CHEK Upside: New film details surfing pioneer’s Sombrio Beach upbringing

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'Sombrio Surf' is among the many film's available for viewing in the upcoming virtual Victoria Film Festival which runs February 5-14.

Ever since she moved to Victoria five years ago, filmmaker Tara-Lee Novak has fallen in love with Vancouver Island’s natural beauty and interesting characters.

“I think it’s a magical place and I can’t help but do my part and share it,” said Novak.

Over the past few years, she’s produced features on everything from the West Coast Trail to a profile on the world-renowned artist Robert Bateman.

Novak’s latest feature takes audiences to the southern, west coast setting of Sombrio Beach.

“The inspiration for Sombrio Surf was Leah Oke,” said Novak. “She’s pretty bad-ass.”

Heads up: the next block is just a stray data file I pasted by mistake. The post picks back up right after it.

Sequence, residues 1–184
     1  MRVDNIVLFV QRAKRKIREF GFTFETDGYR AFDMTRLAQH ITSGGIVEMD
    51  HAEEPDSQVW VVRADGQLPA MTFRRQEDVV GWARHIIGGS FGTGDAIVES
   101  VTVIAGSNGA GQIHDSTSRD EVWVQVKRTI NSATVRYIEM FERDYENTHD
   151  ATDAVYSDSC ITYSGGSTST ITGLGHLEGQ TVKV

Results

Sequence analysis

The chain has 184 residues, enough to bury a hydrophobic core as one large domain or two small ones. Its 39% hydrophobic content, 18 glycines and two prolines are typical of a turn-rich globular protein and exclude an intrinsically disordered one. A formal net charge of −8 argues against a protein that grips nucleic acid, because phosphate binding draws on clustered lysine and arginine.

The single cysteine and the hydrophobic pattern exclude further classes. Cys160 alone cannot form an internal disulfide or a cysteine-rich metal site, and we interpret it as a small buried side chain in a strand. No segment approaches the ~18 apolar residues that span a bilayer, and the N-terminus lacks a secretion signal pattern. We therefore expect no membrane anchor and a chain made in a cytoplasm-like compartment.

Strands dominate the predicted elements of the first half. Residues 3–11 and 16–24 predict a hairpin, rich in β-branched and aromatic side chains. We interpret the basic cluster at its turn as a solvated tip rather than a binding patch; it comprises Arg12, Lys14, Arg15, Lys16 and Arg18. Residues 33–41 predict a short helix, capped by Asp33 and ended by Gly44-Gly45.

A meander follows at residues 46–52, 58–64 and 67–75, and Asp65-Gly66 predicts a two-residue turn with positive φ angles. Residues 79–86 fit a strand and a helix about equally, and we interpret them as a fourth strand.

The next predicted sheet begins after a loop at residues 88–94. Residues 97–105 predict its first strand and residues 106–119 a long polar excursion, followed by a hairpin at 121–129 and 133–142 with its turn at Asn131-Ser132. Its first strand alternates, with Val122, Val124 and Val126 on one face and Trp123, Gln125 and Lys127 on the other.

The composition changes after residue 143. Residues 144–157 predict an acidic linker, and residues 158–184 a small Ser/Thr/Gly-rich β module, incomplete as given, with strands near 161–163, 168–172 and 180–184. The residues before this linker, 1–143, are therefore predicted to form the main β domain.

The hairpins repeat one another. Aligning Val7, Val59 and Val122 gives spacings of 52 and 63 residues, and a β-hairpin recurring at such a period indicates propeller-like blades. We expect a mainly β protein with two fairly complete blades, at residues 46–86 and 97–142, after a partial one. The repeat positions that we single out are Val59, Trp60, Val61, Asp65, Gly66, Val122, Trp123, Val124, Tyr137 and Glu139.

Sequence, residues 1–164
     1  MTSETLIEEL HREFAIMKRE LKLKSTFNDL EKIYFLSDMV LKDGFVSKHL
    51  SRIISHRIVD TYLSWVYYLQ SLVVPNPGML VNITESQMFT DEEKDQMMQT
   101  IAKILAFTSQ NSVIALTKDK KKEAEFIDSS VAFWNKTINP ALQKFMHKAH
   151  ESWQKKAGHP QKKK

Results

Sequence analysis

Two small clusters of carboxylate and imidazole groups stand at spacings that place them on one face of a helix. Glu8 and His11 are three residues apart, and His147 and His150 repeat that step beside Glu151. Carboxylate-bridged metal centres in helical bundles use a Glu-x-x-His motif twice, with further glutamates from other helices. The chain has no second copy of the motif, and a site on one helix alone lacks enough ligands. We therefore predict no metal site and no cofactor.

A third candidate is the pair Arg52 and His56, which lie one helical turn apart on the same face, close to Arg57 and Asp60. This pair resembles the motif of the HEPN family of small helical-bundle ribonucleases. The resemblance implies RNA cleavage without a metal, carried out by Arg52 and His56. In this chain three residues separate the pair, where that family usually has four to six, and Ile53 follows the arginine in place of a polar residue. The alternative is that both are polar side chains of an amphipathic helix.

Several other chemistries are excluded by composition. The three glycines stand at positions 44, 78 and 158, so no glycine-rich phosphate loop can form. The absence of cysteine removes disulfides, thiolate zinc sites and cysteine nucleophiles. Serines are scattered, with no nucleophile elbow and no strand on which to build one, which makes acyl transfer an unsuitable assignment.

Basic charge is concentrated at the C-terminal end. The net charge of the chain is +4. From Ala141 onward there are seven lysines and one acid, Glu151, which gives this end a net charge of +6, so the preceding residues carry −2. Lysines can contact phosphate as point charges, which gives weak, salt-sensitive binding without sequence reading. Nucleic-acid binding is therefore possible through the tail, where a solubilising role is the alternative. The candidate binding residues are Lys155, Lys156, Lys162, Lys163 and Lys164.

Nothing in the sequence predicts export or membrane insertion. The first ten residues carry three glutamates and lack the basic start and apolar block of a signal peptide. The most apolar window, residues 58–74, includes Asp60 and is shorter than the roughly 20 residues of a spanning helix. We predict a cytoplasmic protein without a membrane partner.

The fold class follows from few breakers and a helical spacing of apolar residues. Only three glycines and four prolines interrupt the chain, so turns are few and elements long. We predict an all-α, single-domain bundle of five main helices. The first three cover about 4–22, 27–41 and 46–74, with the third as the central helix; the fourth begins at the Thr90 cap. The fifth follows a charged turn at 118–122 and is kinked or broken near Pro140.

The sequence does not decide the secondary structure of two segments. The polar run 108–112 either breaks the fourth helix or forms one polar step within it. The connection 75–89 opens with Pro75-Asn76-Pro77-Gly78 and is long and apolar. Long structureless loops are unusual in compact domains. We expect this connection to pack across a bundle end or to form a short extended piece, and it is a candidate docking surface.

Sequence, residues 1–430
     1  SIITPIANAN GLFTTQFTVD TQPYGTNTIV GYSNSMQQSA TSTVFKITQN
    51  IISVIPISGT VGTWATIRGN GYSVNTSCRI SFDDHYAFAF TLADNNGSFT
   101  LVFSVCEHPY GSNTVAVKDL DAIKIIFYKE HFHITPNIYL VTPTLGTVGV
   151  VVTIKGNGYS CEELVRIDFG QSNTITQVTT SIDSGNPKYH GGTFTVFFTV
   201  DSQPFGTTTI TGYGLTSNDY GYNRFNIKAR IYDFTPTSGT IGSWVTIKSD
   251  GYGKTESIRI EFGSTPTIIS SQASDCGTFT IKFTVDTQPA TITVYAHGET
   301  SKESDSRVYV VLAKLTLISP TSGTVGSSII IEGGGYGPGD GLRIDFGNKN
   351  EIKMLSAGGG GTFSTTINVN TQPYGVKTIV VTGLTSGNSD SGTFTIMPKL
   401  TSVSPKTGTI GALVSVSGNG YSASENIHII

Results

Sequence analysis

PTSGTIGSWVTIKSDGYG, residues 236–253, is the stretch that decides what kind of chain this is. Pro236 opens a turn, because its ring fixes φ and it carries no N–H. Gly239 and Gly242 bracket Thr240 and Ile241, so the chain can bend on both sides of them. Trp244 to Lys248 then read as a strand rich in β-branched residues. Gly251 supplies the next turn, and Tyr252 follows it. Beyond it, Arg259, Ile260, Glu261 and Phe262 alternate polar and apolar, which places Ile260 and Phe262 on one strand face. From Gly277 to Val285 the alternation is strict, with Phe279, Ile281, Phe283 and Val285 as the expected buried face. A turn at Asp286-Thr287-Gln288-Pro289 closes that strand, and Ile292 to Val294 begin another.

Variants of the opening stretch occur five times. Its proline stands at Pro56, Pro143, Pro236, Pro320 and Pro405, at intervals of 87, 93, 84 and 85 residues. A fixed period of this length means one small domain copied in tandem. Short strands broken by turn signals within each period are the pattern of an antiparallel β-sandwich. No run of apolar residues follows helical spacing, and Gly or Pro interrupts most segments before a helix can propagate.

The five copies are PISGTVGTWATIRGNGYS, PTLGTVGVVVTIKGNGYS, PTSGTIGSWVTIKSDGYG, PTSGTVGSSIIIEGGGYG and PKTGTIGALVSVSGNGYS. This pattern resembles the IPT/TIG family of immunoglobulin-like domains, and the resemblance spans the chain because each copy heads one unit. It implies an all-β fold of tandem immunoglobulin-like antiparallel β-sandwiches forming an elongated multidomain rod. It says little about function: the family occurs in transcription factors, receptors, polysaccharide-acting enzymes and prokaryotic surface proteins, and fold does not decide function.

The story follows a young woman’s unlikely journey to becoming a Canadian female surfing pioneer.

“She was one of the first females in Canada to be sponsored and make a living off of surfing,” said Novak.

Oke currently lives in Panama but grew up off the grid just steps away from the shores of surfing paradise on Sombrio Beach.

She had ten siblings and was part of the ‘squatters’ community that lived at the beach until the late 1990s, before the provincial government turned the area into a provincial park, subsequently evicting the community living on the beach.

“At that point, unfortunately, a series of events meant that she lost three of her siblings and her dad, so you can imagine that is a lot of tragedy in a short time span,” said Novak.

The short film details Oke’s perseverance and how surfing helped her heal through the unimaginable loss.

“Her story to me is the ultimate west coast story,” added Novak.

Sombrio Surf will be among the many Vancouver Island-produced films available for viewing at the Victoria Film Festival.

This year’s festival is virtual due to COVID-19 restrictions and runs February 5-14.

Kevin CharachKevin Charach

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